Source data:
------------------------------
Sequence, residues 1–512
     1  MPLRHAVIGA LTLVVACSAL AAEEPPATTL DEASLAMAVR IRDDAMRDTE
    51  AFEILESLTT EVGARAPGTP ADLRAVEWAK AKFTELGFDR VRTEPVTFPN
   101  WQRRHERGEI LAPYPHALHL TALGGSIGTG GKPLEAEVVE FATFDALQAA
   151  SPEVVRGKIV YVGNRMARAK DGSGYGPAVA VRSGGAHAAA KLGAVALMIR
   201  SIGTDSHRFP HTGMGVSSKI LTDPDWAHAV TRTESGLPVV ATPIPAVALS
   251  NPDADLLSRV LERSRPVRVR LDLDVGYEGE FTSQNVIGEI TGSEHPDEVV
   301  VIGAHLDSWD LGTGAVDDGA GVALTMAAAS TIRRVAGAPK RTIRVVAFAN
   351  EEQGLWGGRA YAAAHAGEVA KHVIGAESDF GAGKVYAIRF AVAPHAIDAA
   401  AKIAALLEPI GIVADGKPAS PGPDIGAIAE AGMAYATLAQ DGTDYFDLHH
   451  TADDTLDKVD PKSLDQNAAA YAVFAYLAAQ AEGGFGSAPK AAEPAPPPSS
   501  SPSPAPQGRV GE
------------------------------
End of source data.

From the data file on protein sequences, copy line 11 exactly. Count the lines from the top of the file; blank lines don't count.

   451  TADDTLDKVD PKSLDQNAAA YAVFAYLAAQ AEGGFGSAPK AAEPAPPPSS